You have a dispute with Cash App (owned by Square, Inc.) over a closed/locked account, scammers, security breaches, or customer service. Now what? You have several options, including suing Cash App in a California Small Claims Court.
In this article, learn about:
- Review of previous small claims lawsuits Against Cash App
- Complaints Against Cash App
- What to do before suing Cash App in California Small Claims Court- Demand Letter
- How to file a small claims lawsuit against Cash App in California.
- Fun fact, lawyers are not allowed at the initial small claims hearing! This is to even the playing field so that you have an equal chance of obtaining justice against Cash App.
- Use People Clerk to sue Cash App in Small Claims Court.
Small Claims Lawsuits Against Cash App
We have reviewed some small claims lawsuits against Cash App and Square, Inc. filed in California:
- 2016 lawsuit for alleged failed electronic transfers.
- 2017 lawsuit for alleged involvement in a dispute between a seller and a buyer and return of money.
- 2018 lawsuit for alleged failure to transfer money to recipient and failure to refund the money that was not transferred.
- 2020 lawsuit for failure to have procedures in place to prevent against scammers.
Complaints Against Cash App
We have reviewed some Better Business Bureau complaints against Cash App and Square, Inc., here is a summary:
- Cash App's failure to respond to customer service requests
- Cash App's failure to transfer the money received to the customer's bank account
- Charged unknown fees by Cash App
- Paid for a product through Cash App but never received the product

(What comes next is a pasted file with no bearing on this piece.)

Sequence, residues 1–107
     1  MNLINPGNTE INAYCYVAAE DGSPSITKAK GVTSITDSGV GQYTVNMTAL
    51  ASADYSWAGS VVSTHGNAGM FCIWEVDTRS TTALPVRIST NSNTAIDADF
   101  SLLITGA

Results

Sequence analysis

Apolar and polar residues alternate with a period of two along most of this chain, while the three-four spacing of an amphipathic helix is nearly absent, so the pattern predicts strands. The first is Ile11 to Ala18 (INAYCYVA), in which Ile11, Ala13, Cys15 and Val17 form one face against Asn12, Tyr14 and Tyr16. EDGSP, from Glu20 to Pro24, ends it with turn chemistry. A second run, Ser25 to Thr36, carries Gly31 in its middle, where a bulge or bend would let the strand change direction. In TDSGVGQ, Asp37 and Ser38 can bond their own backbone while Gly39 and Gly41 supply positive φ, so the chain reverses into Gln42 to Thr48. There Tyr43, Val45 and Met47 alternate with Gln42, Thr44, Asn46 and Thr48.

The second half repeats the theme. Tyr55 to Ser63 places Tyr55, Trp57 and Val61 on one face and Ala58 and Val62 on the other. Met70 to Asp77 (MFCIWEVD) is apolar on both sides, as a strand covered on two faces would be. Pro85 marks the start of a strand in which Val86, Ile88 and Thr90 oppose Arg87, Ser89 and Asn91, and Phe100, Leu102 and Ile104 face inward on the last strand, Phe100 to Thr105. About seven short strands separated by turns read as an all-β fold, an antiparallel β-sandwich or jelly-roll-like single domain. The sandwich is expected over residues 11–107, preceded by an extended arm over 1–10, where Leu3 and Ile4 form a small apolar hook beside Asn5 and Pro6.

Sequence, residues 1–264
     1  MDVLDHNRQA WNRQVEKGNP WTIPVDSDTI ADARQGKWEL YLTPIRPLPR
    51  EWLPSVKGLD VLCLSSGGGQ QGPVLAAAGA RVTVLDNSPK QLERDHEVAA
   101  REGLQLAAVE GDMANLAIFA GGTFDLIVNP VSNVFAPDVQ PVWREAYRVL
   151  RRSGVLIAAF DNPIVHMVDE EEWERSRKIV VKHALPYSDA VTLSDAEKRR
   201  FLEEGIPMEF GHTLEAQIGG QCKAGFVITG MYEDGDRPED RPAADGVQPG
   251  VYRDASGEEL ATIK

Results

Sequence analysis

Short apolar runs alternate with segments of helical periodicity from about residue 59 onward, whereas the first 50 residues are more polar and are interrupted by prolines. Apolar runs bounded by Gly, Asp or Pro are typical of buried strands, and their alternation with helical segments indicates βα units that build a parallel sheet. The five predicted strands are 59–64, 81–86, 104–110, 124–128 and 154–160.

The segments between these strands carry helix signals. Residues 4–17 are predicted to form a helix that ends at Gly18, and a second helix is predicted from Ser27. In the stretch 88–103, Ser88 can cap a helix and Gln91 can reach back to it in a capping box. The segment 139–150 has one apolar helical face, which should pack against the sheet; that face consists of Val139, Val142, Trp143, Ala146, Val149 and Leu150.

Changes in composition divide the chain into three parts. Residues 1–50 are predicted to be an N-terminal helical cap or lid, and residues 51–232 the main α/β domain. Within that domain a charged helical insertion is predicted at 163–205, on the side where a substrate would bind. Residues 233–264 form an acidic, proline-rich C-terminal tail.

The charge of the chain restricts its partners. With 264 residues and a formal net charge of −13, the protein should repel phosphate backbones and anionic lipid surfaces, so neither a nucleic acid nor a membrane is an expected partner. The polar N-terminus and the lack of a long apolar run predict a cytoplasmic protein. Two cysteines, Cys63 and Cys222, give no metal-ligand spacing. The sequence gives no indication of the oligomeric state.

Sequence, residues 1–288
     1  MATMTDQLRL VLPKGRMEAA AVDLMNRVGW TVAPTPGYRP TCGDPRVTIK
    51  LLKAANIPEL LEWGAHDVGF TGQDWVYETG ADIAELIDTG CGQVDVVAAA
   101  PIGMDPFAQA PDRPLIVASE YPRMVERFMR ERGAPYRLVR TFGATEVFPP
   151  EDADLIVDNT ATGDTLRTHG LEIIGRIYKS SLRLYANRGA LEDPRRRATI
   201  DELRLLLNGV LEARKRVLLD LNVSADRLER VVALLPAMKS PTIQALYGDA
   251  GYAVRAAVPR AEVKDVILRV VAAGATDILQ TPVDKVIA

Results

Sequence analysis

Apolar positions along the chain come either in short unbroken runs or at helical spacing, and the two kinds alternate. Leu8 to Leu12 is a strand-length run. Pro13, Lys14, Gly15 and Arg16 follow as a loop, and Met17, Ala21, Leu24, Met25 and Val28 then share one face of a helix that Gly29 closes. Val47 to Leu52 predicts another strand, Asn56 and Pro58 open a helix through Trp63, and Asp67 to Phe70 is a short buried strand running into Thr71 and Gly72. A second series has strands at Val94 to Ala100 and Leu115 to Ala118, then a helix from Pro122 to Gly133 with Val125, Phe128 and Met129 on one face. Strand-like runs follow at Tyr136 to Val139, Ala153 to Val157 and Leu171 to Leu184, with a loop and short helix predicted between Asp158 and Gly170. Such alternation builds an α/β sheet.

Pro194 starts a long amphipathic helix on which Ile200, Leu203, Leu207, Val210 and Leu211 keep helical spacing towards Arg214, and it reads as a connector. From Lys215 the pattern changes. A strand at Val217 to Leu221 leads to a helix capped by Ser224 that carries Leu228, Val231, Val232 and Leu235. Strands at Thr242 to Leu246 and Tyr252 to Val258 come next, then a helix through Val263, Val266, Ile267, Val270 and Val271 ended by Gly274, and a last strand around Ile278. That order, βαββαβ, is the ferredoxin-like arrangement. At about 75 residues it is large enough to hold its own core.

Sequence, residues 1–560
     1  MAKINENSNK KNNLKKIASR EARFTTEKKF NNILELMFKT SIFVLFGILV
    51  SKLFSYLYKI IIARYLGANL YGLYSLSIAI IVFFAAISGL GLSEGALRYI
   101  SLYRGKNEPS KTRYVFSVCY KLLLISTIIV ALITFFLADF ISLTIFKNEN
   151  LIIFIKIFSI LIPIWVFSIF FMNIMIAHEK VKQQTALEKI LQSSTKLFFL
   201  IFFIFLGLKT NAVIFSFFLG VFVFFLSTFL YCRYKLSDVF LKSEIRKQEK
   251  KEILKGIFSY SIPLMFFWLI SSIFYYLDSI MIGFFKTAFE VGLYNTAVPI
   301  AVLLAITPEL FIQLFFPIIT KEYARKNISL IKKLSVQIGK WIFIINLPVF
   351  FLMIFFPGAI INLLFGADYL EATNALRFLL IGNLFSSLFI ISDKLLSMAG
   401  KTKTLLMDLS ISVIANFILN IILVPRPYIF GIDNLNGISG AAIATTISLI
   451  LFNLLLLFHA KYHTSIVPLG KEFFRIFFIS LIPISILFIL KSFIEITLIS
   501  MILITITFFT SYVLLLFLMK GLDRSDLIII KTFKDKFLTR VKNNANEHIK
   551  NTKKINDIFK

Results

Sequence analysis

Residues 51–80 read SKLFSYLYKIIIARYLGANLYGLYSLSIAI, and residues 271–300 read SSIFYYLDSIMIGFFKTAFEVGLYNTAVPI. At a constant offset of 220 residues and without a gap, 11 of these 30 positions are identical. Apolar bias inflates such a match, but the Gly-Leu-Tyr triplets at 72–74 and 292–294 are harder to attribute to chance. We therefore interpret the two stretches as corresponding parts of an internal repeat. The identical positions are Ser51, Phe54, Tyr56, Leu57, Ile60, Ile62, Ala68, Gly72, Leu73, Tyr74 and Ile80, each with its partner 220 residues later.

- Fraud and identity theft while using Cash App
Read More: How to file a complaint with the BBB
What to do before suing Cash App in California Small Claims Court - Write a Demand Letter
A demand letter is a letter that outlines the problem you had with Cash App. For example, you could request a refund and explain why you are requesting a refund.
If you eventually decide to sue in California small claims court, you are required to first request your money or property back before you can file the lawsuit. While you can request your money or property back orally, it is recommended you do so in writing in the form of a demand letter.
What to include in the demand letter?
Unsure of what to include in your demand letter to Cash App? Here are a few suggestions:
- How much money you are owed.
- Why you are owed money.
- Your contact information.
- Where to send payment.
- Give them a few days to respond (usually about 7 to 14 days).
- State that if they don't respond, you intend to sue.
Where to send the letter:
1455 Market Street
San Francisco, CA 94103
or send to their agent in California (their agent is required to send their legal department any letters they receive on their behalf):
CT Corporation System
ATTN: Square, Inc.
818 West Seventh Street
Los Angeles, CA 90017
Small Claims Court
If Cash App ignored your demand letter, what can I do next? You can sue Cash App in a small claims court. But first, some background on small claims court in California to determine if it is right for you.
How does small claims work in California?